In my deepest moment of depression, in bed one winter, when I allowed myself to really feel it and to be OK with it, to no longer suffer it, was my turning point, when the Light began to crack through for me in a broad way. Ishwara pranidana, “surrender to God,” according to Patanjali, is how I would describe this very human experience. Supreme Gratitude as Antidote: My life began to change for the better, in fits and starts, but over time, I saw a shift in subtle energy in the the room that was my life.

I surrendered both of my beloved dogs this year, putting them down. Humane, yes, but torturous for the heart. I had Ruby, my white Mexican street dog – who I rescued in Mexico-  for fourteen years. She was my shadow, always beside me. I called her “a Mexican healer” when people asked what kind of dog was she. The extraordinary sense of loss-of-home that I feel with her now that she is in Spirit is a shift of subtle energy to my core. It was time for her to go and her death signifies a transition for me, in lifestyle and potential. I am grateful to that dog in so many ways. She trained me to relax and to have a daily ritual, dinacharya. I ache from the void. I feel unmoored without her tonight, and profoundly grateful for our service to one another.

My big dream has been realized this season: I am teaching Yoga in a jail-diversion setting to clients of The County of San Luis Obispo with co-occurring diagnoses (mental health and substance use disorders, mostly bipolar disorder). The magic of the creation of this project… the story is uncanny and took years to coalesce. Despite the triumph and victory, I have struggled,  having to advocate for myself, for future Yoga teachers and for clients throughout the entire process: for adequate compensation, for access to the research results, for the design of the program to be beneficial for the clients. Governmental agencies tend to wring the creativity out of their employees by virtue of the way bureaucracies are forced to function. Organic creativity, when sublimated,  is often replaced by fear – in the human body, in the manipura chakra and beyond, and in the foundation of the entity: the halls and offices of County employees. Having to work with that energy came as a complete surprise and caught me off-guard. I found it extremely difficult to navigate and, at one point, I almost quit. We were almost there and I was getting hot and frustrated. I am grateful to my girlfriends Toni and Daniela, who pointed out these bureaucratic tendencies to me, because now I can better navigate them, supremely.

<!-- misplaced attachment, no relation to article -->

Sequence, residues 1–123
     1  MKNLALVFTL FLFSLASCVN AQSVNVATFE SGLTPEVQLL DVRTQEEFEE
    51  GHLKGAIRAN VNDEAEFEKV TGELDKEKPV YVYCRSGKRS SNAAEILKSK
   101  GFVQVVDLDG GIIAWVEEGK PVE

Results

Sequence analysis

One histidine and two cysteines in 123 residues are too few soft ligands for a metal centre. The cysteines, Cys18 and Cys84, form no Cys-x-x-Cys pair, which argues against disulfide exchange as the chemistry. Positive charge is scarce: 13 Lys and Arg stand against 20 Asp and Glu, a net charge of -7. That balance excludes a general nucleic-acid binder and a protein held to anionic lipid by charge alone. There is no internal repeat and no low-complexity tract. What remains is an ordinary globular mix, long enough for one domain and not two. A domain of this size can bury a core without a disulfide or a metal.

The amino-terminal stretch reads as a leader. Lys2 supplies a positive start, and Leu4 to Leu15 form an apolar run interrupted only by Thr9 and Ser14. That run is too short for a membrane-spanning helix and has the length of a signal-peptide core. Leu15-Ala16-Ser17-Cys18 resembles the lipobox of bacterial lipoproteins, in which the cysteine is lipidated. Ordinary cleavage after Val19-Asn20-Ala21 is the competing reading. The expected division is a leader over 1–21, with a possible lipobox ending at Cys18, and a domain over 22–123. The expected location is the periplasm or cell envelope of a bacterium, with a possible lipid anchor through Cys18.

I genuinely love to teach the clientele at the County.

I have so many things and people and experiences in my life for which to be grateful: a roof, a car that runs, food, loving family, jobs and opportunities, a purpose, a magnificent place to live, friends, willingness and education to continue recovery and advocacy…

Even so, I need a regular, unshakable practice of Supreme Gratitude. To keep those waves crashing lightly and to move ahead with an attitude that magnetizes goodness into my life, and magnifies it, I must allow myself to feel, in my body, the goodness, even in dark times.

I need the reminder, as an antidote to being not-in-control of much this life.

May Supreme Gratitude become an essential part of my dharana practice, moving me ever closer to a state of Supreme Bliss, mine by Divine right.